[ OUR OPINION ]
LOWER prescription drug prices that are scheduled to go into effect in Hawaii early next year probably will have to be shelved, at least temporarily, because of a federal appeals court's Christmas Eve decision. The court struck down a Maine law on which a statute enacted by Hawaii's last Legislature was based. Governor Lingle has criticized the program but now must be more specific about a workable method to address the issue of rapidly increasing drug prices.
Court ruling forces
review of Hawaii’s
prescription drug law
THE ISSUEA federal appeals court has struck down a Maine state program similar to a Hawaii plan that would provide drug discounts.
Like the Maine law, the Hawaii program would require pharmaceutical companies to provide drugs at discounted Medicaid prices to uninsured residents earning less than triple the federal poverty level. For example, state Rep. Roy Takumi (D-Pearl City) explains, a person with high cholesterol could buy a month's supply of Lipitor at Longs for $57.47 instead of $78.70. Other discounts are estimated at 18 percent to 25 percent. Up to 228,000 Hawaii residents would qualify for the lower prices.
The Maine law, an expansion of Medicaid, was approved by the U.S. Department of Health and Human Services in the last days of the Clinton administration and has been supported by the Bush administration. However, the U.S. Court of Appeals for the District of Columbia has ruled that the discounts violated the terms of Medicaid by making pharmaceutical companies bear the brunt of the cost. Financing of other Medicaid programs is provided mainly by the state and federal governments.
A separate Maine law that would allow the state to use Medicaid to impose limits on drug prices paid by other residents is before the U.S. Supreme Court after being upheld by the appeals court. Hawaii legislators scheduled a program patterned after that Maine law to take effect in 2004 because of the pending court case.
During this year's gubernatorial campaign, Lingle criticized both measures in remarks to the American Association of Retired Persons, which lobbied for the legislation. "They will not help you now," she said of the programs.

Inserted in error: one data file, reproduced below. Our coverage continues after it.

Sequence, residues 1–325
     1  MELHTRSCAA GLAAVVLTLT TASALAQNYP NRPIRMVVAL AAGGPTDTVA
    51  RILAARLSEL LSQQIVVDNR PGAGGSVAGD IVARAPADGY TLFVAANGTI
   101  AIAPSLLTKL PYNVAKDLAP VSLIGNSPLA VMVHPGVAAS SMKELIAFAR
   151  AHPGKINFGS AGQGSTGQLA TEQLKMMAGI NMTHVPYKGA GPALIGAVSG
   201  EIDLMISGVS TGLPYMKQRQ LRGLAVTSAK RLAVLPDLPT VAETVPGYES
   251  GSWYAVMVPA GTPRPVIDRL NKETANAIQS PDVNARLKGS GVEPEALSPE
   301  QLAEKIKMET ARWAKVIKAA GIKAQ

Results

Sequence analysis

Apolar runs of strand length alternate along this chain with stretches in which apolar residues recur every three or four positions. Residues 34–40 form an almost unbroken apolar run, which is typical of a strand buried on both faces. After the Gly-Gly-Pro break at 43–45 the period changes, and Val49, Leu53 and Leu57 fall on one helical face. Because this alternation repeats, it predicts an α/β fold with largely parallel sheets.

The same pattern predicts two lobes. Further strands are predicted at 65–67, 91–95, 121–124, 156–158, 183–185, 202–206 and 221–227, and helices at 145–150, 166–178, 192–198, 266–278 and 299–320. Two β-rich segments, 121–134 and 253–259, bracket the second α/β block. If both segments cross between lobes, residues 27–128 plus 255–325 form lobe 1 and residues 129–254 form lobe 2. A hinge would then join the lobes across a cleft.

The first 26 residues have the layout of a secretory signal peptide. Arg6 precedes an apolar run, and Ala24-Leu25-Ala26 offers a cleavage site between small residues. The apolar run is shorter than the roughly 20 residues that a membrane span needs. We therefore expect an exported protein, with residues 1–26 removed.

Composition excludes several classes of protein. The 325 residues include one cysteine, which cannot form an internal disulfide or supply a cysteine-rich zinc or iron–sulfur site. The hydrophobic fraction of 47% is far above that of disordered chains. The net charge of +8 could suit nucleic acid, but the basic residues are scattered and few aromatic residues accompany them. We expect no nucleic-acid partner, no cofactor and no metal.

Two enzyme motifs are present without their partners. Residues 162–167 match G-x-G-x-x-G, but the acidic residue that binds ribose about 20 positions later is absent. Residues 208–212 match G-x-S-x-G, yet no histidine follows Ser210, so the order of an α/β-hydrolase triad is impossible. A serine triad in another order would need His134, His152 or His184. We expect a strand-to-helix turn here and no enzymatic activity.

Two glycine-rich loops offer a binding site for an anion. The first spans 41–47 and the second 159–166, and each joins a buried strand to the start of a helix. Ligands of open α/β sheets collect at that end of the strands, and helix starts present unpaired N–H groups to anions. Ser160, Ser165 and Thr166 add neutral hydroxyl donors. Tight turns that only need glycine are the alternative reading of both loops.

Lingle suggested instead that the state negotiate drug prices with pharmaceutical companies and approach health maintenance organizations about buying drugs on behalf of the uninsured, for sale at negotiated rates by big-box retailers such as Costco and Wal-Mart. Takumi contends that such an HMO program would violate federal law, while relying on discount outlets would "put Longs Drugs and the mom-and-pop drugstores out of business."
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COMPUTERIZED tracking of foreign students in the United States was begun earlier this year by the Immigration and Naturalization Service, but the FBI wants more. The bureau is asking colleges and universities for personal information about all foreign students and faculty. Before responding to the request, education officials should pause about whether to unduly invade the privacy of students and teachers.
Colleges should protect
foreign students’ privacy
THE ISSUEThe FBI is asking colleges and universities for personal information about foreign students and faculty.
The government should keep track of foreign students in the United States, and those who violate the requirements of their visas should be required to conform to those terms or face deportation. Law enforcement agencies would be overstepping their authority in coercing education officials to reveal private information about all foreign students.
The FBI has sent letters to schools asking for names, addresses, phone numbers, citizenship information, places and dates of birth and "any foreign contact information" about foreign students and teachers, according to a sample letter obtained by the Washington Post. The USA Patriot Act, enacted after last year's terrorist attacks, limits government access to student records, which is why the FBI letters are in the form of a request.
The INS is allowed access to personal student information. However, any move by a law enforcement agency to obtain college records must be accompanied by a court order tailored to a terrorism investigation. The American Association of American College Registration and Admissions Officers has advised its members that nonconsensual release of private student information could subject them to lawsuits.
Congress approved a computerized system of tracking foreign students six years ago. Because of various delays, the INS is only now building the database. A review of immigration records a year ago showed that 3,761 of the nation's half-million foreign students were from terrorist-supporting countries. Two of the Sept. 11, 2001 terrorists were foreign students who had violated the terms of their visas. That alone should not trigger a broad investigation of all foreign students.
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